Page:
Wednesday, January 03, 2007
I see you crawling in my garden, subhuman, subhuman:
Leave it up to Ephraim Karsh and The New Republic to explain that the reason Arabs are perturbed by Saddam Hussein's execution is that "in the Middle East, physical force remains the main--if not the sole--instrument of political discourse." Ah: a gussied-up way of saying that the primitive Arabs understand nothing but violence; Saddam was the most violent; and that explains why they're upset. Notice that in this formulation, Saddam is the most Arab of all Arabs -- or, put another way, all Arabs are Saddam Hussein in miniature. It's a short step from there to arguing that We Will Not Wait On Events As Dangers Gather, and so it's time to start taking some preventative measures against millions of Neo-Saddams.

Of course, an alternative explanation is that the manifold injustice of the lynching of Saddam Hussein -- done during the beginning of the Sunni observance of Eid by Shiites -- is enough to horrify the civilized among us, despite the fact that the man on the gallows is deserving of no sympathy.
--Spencer Ackerman
Can I be a pedantic fuckface for a second?

I think the word "lynching" should be reserved for killing someone that you know, or can seriously argue, is not guilty for the purpose of warning other people.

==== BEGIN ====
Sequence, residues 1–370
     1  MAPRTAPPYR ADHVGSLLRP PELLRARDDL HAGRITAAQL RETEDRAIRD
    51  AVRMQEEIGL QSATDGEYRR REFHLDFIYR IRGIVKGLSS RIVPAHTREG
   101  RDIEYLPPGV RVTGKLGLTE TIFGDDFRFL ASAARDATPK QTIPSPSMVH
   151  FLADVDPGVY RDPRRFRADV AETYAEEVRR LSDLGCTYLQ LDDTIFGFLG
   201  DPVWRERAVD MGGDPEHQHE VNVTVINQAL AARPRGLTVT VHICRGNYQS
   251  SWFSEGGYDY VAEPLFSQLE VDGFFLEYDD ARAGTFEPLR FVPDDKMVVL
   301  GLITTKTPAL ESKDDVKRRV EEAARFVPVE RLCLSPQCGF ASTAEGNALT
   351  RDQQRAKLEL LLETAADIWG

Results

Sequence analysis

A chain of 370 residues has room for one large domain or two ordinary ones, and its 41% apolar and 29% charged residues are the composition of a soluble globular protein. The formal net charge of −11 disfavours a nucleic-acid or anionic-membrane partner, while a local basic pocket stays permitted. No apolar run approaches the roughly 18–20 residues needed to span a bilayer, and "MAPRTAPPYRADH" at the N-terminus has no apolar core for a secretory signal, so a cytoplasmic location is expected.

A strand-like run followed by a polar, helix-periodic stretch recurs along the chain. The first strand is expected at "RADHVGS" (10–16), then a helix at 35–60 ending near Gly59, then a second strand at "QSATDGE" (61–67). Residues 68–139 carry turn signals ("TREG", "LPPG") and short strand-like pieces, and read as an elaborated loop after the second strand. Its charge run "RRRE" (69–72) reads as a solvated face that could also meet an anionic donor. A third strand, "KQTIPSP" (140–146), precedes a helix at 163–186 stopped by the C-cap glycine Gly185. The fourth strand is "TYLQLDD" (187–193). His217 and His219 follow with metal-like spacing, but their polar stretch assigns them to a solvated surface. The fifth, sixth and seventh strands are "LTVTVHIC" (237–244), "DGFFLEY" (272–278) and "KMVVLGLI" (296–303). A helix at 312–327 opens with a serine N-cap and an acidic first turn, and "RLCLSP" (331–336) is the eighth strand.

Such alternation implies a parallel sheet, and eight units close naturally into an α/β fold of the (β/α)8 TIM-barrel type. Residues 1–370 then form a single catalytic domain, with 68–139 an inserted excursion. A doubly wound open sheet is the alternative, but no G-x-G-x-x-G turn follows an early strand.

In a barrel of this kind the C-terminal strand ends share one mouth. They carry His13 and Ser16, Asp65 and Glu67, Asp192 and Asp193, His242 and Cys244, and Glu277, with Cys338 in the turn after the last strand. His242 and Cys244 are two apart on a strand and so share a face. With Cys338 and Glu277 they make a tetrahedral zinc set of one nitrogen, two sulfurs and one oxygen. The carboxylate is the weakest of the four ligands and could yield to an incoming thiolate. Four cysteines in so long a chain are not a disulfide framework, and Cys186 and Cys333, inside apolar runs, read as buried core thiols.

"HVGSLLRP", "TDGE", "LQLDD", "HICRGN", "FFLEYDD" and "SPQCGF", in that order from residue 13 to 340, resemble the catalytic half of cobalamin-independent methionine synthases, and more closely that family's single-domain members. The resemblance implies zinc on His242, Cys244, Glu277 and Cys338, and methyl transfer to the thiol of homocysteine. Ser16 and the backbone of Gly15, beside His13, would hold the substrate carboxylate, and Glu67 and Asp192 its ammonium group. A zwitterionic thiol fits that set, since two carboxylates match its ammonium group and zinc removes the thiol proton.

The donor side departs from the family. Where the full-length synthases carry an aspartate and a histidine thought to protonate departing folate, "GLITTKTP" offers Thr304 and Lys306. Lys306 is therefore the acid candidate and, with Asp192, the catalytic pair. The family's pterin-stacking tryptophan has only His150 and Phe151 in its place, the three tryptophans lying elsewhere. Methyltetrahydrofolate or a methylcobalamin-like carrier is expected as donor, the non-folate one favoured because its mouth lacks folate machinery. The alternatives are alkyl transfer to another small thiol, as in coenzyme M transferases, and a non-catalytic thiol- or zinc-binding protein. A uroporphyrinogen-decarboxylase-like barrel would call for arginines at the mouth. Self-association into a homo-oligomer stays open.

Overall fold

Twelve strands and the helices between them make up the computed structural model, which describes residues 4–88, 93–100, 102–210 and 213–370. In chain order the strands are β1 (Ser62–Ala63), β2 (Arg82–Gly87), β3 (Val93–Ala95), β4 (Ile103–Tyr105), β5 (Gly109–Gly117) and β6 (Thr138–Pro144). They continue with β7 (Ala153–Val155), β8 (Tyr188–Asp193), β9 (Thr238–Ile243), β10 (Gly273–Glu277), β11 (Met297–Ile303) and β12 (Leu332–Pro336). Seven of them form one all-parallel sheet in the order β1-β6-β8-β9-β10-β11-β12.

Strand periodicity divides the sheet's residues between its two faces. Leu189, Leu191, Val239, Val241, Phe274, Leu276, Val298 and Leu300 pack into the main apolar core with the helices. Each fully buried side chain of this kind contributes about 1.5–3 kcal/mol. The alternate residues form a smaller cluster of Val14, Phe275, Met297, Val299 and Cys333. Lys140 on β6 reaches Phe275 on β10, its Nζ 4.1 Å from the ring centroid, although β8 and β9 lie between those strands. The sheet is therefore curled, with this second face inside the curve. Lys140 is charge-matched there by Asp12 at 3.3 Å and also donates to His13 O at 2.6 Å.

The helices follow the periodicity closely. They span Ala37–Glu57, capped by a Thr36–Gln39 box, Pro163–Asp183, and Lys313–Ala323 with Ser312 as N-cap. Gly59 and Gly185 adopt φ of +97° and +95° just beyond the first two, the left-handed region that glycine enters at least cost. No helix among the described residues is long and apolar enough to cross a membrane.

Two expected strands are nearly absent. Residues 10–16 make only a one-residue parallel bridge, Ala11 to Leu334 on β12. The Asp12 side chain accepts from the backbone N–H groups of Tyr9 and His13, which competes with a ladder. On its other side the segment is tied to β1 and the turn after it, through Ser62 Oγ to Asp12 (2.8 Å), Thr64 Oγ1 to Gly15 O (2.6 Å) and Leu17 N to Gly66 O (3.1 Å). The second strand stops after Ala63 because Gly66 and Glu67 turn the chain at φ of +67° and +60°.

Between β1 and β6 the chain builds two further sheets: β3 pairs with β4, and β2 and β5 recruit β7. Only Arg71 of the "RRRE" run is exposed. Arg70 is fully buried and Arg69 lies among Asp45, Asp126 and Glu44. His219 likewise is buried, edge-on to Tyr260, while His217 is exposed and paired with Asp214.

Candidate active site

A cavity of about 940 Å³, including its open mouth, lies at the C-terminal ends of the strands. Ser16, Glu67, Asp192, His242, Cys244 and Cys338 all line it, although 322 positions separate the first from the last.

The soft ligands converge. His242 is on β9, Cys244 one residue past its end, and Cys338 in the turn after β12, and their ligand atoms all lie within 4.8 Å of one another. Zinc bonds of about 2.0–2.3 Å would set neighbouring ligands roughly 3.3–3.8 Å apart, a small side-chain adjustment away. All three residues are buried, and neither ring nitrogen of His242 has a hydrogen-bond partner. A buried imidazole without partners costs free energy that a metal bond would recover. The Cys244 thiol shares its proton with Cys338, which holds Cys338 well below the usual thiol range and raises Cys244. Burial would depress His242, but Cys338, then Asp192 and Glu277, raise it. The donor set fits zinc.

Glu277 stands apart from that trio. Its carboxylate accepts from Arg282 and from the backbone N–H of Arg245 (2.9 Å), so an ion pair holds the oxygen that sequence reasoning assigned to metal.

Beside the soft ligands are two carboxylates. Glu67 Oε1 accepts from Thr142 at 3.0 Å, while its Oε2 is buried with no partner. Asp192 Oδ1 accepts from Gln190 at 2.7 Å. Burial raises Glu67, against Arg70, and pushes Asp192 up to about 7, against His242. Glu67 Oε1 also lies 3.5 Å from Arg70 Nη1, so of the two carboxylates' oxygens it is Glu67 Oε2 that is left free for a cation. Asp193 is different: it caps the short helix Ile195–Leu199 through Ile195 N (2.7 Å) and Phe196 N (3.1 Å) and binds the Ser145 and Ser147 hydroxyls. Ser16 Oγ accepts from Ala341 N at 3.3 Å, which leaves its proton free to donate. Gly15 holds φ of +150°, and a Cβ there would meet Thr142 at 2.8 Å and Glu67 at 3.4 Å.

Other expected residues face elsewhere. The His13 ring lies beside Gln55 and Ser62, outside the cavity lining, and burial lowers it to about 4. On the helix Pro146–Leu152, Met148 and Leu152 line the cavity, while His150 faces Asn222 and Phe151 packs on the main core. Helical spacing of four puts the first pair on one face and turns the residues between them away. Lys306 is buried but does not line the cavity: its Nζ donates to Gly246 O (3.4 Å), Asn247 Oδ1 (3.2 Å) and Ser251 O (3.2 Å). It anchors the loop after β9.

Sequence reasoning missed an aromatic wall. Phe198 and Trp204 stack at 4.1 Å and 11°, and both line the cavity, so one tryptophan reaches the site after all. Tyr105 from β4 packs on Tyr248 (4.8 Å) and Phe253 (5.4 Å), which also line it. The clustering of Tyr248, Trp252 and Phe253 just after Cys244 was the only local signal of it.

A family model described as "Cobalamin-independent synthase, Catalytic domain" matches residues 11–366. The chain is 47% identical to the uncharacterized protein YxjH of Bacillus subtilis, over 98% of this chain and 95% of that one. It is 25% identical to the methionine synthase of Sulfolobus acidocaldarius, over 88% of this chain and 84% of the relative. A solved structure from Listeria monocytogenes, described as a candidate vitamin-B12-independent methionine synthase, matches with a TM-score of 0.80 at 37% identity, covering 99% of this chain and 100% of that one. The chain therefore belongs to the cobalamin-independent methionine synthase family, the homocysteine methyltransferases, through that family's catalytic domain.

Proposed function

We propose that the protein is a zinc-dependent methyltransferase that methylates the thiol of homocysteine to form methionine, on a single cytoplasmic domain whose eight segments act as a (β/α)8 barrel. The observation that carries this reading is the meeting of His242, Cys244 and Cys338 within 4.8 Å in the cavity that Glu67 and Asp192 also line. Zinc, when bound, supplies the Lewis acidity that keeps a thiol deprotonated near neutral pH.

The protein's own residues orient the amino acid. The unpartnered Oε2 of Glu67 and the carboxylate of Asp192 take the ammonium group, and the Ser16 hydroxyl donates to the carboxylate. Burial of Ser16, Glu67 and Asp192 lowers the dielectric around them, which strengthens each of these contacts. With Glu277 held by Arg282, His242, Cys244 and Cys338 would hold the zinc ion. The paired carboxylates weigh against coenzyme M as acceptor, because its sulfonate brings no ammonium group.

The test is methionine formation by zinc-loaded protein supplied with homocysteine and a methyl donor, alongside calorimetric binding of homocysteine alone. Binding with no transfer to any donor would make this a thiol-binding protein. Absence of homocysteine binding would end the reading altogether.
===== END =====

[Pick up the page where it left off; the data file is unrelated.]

Saddam Hussein was guilty. Still he didn't receive a fair trial.

It would have been more honest to engage in "victor's justice" and kill him like the Romanians did to Ceaucescu.

But I don't think this qualifies as a "lynching."
Blogger Bill Smith | 2:14 PM

You know what, you're right. I should have used a different word. If you know how to draw the "blogger-slash" through a word in Blogger, I'll do so.
Blogger spencerackerman | 2:23 PM

It's the "strike" keyword, which can't be demonstrated in comments. < strike > lynching < / strike> without the spaces.
Blogger jfaberuiuc | 3:46 PM

Sorry, but "lynching" simply means ANY extra-judicial killing. Guilt has nothing to do with it.

It's probably still not appropriate in Saddam's case, since there was a trial of sorts and the execution was ordered (if not carried out) by a government.
Blogger Dualarity | 8:33 AM